Antiques Roadshow Van Dyck painting fails to sell at auction
- 9 July 2014
- From the section Entertainment & Arts
A painting revealed to be a Van Dyck portrait on the BBC's Antiques Roadshow has failed to sell at auction.
The portrait had been expected to fetch up to £500,000 at the Christie's sale.
The Old Master painting was bought by Derbyshire priest, Father Jamie MacLeod, from an antiques shop in Cheshire for £400 in 1992.
It was identified as a Van Dyck after Roadshow presenter Fiona Bruce spotted it during filming and thought it might be genuine.
Bruce, who was making a programme about the artist at the time, asked expert Phillip Mould to examine the artwork during an episode of the Antiques Roadshow, which was screened last December.
After a lengthy restoration process, it was verified as authentic by Dr Christopher Brown, one of the world's leading authorities on Van Dyck.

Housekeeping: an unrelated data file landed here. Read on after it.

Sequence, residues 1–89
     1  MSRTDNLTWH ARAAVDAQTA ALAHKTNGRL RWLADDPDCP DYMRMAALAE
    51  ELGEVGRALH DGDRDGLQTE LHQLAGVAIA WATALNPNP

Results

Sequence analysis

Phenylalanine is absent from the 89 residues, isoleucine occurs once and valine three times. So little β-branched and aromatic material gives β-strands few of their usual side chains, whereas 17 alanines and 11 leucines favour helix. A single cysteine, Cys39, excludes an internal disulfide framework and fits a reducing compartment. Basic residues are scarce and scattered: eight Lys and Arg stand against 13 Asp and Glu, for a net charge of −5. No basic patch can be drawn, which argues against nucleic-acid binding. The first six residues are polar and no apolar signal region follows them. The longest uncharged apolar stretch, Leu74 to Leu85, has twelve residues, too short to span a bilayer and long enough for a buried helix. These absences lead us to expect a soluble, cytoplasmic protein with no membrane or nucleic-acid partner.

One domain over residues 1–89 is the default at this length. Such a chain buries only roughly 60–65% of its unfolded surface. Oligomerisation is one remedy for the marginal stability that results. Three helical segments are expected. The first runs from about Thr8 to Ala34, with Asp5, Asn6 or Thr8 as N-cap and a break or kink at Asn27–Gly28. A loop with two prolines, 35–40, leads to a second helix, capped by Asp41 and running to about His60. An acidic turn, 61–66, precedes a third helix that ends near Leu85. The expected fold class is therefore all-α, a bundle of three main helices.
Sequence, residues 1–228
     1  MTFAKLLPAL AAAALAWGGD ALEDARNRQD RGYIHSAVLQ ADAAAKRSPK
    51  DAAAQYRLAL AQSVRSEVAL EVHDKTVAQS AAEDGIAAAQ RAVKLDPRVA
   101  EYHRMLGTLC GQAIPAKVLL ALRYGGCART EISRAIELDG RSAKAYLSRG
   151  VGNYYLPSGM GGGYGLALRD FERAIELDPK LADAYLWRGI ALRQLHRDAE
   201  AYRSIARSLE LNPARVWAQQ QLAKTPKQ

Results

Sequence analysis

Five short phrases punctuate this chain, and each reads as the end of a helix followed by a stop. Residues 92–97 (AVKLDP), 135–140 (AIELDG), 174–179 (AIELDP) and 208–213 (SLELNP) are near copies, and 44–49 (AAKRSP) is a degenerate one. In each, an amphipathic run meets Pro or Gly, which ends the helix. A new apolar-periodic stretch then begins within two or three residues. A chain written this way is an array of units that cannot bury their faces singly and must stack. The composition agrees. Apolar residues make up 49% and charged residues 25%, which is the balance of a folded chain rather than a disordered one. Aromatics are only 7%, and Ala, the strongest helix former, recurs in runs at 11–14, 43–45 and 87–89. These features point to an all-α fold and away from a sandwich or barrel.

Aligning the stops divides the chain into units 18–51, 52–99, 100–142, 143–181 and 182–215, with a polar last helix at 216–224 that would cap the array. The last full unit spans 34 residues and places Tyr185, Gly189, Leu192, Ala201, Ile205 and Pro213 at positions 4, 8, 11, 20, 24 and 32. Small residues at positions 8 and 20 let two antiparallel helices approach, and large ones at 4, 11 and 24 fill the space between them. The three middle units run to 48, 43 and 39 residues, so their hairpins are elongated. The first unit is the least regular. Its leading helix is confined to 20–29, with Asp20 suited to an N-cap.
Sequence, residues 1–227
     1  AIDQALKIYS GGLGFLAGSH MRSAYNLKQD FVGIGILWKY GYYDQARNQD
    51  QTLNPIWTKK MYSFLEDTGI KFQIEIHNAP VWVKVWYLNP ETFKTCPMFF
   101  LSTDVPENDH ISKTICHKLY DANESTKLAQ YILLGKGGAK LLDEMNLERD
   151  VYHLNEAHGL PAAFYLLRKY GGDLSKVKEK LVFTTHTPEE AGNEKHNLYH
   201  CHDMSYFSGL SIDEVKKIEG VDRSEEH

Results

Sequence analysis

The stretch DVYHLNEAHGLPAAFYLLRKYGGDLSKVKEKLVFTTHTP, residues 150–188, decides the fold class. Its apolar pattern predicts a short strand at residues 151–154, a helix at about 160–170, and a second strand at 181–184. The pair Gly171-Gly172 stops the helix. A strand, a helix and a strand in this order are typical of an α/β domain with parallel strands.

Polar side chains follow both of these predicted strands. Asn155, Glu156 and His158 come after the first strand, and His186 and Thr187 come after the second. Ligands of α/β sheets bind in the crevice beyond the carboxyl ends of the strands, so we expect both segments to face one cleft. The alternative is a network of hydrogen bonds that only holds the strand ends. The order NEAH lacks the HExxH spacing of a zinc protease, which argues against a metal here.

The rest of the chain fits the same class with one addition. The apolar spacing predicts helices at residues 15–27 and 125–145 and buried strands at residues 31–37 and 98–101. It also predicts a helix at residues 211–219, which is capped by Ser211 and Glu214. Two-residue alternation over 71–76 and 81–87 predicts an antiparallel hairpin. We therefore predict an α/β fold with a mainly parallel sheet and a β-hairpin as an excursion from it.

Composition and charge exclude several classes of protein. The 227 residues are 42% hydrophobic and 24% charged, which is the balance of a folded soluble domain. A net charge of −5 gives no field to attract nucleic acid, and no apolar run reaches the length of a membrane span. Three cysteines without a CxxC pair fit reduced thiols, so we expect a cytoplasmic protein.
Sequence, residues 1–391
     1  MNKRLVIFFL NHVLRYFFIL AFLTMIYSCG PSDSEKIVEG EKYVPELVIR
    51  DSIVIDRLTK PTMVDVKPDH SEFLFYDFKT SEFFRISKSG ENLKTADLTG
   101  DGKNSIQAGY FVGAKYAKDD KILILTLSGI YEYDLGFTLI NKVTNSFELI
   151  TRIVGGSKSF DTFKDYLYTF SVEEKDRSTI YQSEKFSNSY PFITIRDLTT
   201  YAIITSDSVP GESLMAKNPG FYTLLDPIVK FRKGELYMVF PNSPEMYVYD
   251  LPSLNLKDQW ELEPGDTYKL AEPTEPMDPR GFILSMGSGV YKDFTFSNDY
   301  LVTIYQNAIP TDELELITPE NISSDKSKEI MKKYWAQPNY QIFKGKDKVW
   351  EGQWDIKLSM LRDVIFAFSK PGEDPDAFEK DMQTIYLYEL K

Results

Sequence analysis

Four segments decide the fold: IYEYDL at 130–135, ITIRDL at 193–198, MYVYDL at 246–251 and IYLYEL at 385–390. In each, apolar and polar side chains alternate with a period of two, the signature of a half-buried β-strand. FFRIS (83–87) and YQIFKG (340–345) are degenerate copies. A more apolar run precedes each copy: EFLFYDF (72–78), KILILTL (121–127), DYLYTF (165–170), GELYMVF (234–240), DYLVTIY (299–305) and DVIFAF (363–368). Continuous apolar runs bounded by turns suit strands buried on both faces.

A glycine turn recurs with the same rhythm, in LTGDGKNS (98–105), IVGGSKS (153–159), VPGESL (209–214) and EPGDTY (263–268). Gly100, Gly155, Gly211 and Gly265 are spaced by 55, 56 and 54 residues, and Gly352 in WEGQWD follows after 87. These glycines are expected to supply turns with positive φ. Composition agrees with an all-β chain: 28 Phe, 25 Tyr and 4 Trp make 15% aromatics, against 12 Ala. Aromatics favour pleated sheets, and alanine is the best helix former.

The painting is believed to be a sketch for a work called The Magistrates of Brussels, which hung in the city's town hall until it was destroyed by a French attack in 1695.
Ahead of the auction in London, Christie's specialist Freddie de Rougemont said: "The picture is of great importance as it provides a fascinating insight into Van Dyck's working method and also constitutes a significant surviving document for the artist's lost group portrait of The Magistrates of Brussels."
Van Dyck was born in modern-day Belgium and came to work in England in 1632 at the invitation of King Charles I.
At the same auction of Old Master and British Paintings, Saint Praxedis by Johannes Vermeer - one of the only two works by the artist which remained in private hands - was sold for £6.2m.
It formed part of the collection of late US collector Barbara Piasecka Johnson with the proceeds going to her charitable foundation, Christie's said.
There had been doubts about the authenticity of the work for some years, which Vermeer created in the early part of his career.
But tests carried out on the paints used in the work were found to be consistent with other Vermeers.